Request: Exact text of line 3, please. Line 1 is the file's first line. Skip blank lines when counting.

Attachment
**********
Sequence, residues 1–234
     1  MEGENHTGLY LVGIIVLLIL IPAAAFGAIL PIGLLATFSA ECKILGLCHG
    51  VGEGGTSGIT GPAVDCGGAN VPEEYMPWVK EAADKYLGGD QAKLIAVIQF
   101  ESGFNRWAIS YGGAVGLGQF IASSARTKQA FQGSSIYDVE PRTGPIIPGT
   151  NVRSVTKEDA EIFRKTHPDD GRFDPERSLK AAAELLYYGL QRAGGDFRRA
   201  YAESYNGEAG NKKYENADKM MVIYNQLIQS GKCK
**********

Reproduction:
    51  VGEGGTSGIT GPAVDCGGAN VPEEYMPWVK EAADKYLGGD QAKLIAVIQF